A Dietician’s Tips For Eating Healthy (& Well) On Any Budget
In honor of TFD’s upcoming Spring Refresh, we’re spotlighting a few of our featured panelists and tapping into some of their expertise on how to better apply their tips to our everyday lives. Today, we’re featuring May Zhu, a Chicago-based media dietitian. May is also the founder and CEO of Nutrition Happens; a virtual nutrition consulting practice. Through her company and expertise, her goal is to assist busy women discover healthier relationships with food by helping them build sustainable eating habits.
Check out May’s interview below.
1. What’s the most common misconception people have when it comes to better eating as a lifestyle (and not just a fad)?
People often feel overwhelmed because most likely they believe they a) don’t have time b) it’s expensive c) weight is all that matters – all things that are not true! There will always be new health trends and products that feel shiny and interesting, but we can’t forget that having a foundational knowledge of how to eat well often includes foods that are pretty budget-friendly and convenient. I get it – quick fixes like fad diets feel more “glam” but at the end of the day, building habits that serve you in terms of healthy eating is the foundation to creating the lifestyle (and results) you want. Plus, a healthy diet isn’t all about weight – the benefits include better energy, digestion, confidence, mood and it play a role in preventing chronic diseases as well.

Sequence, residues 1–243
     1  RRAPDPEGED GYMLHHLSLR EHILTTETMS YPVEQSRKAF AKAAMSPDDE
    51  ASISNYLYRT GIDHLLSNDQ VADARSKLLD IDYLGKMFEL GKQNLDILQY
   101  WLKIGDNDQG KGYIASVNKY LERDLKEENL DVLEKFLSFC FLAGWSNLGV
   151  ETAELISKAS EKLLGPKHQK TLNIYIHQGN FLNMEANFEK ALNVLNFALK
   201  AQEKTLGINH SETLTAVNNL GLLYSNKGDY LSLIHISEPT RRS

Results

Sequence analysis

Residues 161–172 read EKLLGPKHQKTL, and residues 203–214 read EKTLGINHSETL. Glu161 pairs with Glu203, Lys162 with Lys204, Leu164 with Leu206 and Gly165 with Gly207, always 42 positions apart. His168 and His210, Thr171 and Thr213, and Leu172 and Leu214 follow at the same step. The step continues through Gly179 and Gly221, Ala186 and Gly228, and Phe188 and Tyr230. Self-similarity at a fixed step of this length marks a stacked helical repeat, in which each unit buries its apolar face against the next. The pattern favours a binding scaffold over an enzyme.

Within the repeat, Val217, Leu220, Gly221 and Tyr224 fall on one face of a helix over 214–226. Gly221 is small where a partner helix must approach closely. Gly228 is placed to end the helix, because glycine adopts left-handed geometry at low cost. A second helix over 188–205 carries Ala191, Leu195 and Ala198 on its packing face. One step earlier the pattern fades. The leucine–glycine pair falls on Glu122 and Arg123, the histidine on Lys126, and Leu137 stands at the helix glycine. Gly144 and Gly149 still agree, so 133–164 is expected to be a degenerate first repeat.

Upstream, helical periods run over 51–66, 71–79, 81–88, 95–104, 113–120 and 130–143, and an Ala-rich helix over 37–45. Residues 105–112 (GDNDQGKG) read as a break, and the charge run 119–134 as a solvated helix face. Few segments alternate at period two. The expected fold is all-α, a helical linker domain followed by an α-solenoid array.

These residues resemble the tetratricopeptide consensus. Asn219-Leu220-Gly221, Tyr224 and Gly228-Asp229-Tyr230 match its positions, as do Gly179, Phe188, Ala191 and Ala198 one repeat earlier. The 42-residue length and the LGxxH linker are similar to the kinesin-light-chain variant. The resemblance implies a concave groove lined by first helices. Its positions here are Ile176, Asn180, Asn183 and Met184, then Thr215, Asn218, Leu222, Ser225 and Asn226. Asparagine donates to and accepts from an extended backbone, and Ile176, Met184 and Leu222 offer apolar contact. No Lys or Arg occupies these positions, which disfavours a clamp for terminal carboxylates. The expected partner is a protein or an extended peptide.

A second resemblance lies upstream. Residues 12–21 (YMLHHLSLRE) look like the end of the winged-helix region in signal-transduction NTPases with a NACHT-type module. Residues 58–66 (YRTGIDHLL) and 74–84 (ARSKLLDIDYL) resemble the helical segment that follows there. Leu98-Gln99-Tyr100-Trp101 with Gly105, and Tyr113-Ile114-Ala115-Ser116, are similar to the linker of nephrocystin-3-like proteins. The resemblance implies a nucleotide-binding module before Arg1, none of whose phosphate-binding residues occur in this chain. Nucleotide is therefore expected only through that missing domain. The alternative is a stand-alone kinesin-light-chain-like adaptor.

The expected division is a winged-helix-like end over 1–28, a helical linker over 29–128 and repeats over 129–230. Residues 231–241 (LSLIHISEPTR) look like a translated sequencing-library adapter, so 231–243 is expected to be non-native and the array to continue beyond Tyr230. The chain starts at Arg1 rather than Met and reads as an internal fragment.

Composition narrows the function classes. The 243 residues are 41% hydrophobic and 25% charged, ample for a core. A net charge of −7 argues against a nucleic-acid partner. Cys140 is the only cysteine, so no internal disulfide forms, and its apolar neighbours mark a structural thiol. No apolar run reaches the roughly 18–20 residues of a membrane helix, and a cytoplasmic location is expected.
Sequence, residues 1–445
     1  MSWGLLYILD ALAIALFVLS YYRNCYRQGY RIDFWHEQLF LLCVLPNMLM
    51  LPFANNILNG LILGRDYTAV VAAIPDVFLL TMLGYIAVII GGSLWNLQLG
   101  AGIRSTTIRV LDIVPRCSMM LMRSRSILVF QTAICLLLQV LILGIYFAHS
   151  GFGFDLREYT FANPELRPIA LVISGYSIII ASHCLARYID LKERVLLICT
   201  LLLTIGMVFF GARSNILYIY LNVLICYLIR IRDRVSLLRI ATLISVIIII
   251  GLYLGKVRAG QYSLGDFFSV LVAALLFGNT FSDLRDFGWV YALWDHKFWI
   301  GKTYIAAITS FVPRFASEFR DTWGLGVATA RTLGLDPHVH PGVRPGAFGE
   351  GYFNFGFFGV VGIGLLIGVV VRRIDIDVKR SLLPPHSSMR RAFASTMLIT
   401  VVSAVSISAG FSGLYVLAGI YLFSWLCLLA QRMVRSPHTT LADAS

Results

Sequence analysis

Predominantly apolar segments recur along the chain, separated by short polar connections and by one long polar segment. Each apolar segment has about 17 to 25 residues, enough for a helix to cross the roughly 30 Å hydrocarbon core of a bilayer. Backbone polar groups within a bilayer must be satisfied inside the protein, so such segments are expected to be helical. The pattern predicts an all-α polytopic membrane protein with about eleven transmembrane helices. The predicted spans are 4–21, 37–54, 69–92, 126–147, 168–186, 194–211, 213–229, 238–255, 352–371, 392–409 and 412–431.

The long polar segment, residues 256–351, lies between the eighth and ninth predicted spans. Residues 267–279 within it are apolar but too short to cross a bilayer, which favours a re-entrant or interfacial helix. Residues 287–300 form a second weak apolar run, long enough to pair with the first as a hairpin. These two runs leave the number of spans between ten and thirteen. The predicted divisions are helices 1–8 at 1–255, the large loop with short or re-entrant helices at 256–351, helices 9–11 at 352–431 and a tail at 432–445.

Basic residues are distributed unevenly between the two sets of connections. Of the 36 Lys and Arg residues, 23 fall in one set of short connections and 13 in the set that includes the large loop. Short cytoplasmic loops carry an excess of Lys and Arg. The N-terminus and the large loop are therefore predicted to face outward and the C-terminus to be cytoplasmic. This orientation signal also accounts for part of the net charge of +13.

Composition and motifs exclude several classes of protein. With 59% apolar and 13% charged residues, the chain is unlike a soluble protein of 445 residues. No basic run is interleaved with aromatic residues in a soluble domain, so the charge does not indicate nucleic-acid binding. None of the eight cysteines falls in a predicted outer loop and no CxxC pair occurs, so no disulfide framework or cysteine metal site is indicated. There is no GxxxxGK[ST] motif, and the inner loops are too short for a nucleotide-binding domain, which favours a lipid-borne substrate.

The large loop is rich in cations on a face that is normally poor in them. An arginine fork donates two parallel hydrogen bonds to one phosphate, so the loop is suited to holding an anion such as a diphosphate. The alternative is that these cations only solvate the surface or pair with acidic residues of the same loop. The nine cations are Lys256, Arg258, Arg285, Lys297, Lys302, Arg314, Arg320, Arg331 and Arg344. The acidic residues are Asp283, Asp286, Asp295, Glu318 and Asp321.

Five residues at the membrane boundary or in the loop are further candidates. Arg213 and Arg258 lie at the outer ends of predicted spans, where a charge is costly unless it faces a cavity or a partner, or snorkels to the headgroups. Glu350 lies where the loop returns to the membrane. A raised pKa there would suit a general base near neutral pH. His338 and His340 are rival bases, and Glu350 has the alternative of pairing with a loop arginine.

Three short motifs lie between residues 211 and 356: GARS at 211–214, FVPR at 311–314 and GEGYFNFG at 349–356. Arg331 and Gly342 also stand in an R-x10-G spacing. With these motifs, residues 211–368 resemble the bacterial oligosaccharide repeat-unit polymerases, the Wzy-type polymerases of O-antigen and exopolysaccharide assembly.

2. So you actually hold a degree in food science, nutrition and diet; so outside of this being your passion, it’s your profession too. What made you want to become an expert in health and nutrition?
Honestly, my initial interest in dietetics was for my own personal use – I signed up for a half marathon in college and wanted to know how to fuel myself properly to prepare for it. I’ve always loved science (I was originally on track to apply to dental school) but the experience opened my eyes to a whole new career path. I felt the frustration when all the resources I found on the internet were from questionable sources. When I found out about that being a Registered Dietitian (the gold standard in terms of credentials in the US) was a career option and what that role could look like, I switched my major and never looked back. Nutrition science can be a difficult subject to break down, so I wanted to help people simplify it in a way that made sense to them! Nutrition is exciting to me because there’s a different path to healthy for each person and we as dietitians help people find their confidence in building that process.
3. In your bio, you mention, “Helping you define your own version of health.” That’s so important since many fail to look at eating healthy as a customizable thing. Could you elaborate more on the process behind helping people to find what works for them, as it pertains to food and nutrition?